|Bid||0.00 x 1200|
|Ask||0.00 x 800|
|Day's Range||62.23 - 64.36|
|52 Week Range||57.53 - 76.06|
|Beta (3Y Monthly)||1.23|
|PE Ratio (TTM)||9.61|
|Earnings Date||Jan 23, 2019 - Jan 28, 2019|
|Forward Dividend & Yield||1.28 (1.97%)|
|1y Target Est||81.07|
On December 10, United Continental (UAL) reported its operating performance for November. The traffic (revenue passenger miles) growth rate exceeded the capacity (available seat miles) growth rate. In November, the company’s traffic grew 7.1% YoY (year-over-year)—much higher than its capacity growth of 5.5% during the same period in 2017. United Continental’s traffic growth has exceeded the capacity growth for seven consecutive months. In the first 11 months of 2018, United Continental reported a higher traffic growth rate compared to the capacity growth in every month except January and ...
A sizeable part of portfolio returns can be produced by dividend stocks due to their contribution to compounding returns in the long run. Historically, Alaska Air Group, Inc. (NYSE:ALK) has Read More...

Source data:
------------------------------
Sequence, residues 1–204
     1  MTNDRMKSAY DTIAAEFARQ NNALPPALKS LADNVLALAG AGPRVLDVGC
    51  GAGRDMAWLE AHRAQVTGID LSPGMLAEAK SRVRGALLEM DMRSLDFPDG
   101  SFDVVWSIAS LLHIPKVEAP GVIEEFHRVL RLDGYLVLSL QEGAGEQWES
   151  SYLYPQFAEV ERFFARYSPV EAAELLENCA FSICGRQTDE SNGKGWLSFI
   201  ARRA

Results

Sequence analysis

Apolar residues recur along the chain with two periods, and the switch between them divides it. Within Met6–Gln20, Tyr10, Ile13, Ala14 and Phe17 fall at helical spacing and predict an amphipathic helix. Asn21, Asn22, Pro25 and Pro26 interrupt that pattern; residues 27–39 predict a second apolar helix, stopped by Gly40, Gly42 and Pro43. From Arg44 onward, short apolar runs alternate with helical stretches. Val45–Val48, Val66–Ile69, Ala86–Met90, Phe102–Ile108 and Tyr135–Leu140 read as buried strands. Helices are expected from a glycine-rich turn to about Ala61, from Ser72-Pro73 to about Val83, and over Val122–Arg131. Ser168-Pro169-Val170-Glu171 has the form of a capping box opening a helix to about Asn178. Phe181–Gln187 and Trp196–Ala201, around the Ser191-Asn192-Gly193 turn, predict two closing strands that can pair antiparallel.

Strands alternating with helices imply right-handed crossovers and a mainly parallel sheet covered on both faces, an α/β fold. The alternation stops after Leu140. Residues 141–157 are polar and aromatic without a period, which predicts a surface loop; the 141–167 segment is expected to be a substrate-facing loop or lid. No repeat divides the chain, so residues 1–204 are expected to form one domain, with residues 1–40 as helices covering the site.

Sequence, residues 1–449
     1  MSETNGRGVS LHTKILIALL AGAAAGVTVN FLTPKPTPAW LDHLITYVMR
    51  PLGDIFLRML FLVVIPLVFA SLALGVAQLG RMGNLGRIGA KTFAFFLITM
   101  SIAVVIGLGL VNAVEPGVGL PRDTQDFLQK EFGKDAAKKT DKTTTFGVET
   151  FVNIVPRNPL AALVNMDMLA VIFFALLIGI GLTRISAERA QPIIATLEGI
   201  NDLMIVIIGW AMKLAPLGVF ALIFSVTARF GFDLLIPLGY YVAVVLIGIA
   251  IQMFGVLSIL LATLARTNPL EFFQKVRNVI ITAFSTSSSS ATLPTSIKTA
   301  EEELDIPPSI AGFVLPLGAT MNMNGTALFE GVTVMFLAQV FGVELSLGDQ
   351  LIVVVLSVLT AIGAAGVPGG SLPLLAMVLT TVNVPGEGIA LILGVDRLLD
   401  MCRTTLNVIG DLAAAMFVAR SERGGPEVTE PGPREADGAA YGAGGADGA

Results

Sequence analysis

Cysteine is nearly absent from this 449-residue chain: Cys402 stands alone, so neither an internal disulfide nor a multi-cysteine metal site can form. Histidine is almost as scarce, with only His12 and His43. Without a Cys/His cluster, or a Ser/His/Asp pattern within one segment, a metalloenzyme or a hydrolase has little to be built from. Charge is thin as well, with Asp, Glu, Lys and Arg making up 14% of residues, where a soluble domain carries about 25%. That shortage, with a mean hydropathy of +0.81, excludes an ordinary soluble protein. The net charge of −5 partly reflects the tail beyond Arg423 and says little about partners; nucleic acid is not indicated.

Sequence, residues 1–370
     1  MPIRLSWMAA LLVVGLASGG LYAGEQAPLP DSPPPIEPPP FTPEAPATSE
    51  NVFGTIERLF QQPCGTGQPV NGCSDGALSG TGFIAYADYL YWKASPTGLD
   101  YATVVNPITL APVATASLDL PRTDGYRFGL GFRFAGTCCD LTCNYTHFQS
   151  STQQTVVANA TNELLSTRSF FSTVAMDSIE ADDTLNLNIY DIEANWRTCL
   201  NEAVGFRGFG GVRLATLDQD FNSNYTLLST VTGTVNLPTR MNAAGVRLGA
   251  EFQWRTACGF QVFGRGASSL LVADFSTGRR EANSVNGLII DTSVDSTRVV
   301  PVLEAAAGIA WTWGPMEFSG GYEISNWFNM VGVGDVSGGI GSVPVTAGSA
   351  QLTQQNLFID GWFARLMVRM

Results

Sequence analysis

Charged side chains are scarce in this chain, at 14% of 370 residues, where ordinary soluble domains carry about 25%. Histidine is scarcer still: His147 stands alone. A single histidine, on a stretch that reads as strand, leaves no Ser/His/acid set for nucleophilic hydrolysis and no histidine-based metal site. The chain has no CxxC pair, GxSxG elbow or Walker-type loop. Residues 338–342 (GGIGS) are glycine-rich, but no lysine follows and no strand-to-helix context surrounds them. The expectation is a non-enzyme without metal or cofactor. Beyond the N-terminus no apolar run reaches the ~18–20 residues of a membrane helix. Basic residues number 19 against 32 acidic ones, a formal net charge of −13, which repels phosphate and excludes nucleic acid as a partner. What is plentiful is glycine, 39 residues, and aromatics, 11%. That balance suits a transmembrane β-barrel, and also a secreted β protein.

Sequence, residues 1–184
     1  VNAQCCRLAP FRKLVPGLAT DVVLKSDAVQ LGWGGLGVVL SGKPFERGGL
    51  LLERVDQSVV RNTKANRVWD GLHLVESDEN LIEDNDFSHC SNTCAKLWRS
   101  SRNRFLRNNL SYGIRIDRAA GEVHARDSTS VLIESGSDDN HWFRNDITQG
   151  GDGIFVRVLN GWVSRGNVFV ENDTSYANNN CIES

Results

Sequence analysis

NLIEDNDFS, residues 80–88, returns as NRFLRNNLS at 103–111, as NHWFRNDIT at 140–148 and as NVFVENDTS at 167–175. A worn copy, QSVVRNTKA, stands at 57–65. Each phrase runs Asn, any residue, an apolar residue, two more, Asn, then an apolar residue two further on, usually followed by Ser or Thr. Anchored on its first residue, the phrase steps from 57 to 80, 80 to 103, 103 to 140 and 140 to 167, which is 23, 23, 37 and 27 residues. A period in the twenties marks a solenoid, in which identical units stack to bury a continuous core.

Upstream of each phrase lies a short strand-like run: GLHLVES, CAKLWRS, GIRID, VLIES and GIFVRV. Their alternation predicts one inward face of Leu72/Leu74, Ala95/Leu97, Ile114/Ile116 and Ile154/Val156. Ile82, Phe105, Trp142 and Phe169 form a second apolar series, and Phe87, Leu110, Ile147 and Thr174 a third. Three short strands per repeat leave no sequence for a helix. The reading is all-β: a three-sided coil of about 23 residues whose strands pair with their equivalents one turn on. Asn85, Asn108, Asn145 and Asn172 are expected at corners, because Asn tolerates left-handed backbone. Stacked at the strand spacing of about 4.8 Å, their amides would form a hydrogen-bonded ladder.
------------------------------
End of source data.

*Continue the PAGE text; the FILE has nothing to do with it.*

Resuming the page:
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Delta Air Lines and JetBlue Airways will both get access to additional gates in Boston next year, which will intensify the rivalry between the two carriers in this key metro area.
Major US airline shares fell on December 7. American Airlines (AAL) lost 9.1% of its value in a single trading session. Other US carriers registered massive losses in their share prices. Spirit Airlines (SAVE) fell 7.6%, Alaska Air Group (ALK) fell 6.7%, United Continental (UAL) fell 5.2%, Southwest Airlines (LUV) fell 4.2%, and Delta Air Lines (DAL) fell 3.5%. The fall on December 7 was mainly due to the broader market sell-off and Wolfe Research’s negative comments about the airline industry.
Delta Air Lines (DAL) reported its November operating performance on December 4. In November, the airline’s traffic (revenue passenger miles) grew 4.2% YoY (year-over-year)—higher than its capacity growth of 3.8% during the same period. Delta has reported traffic growth in every month of 2018 except January. Year-to-date through November, the company’s traffic growth rate was 3.3%—almost on par with the capacity growth rate of 3.4%.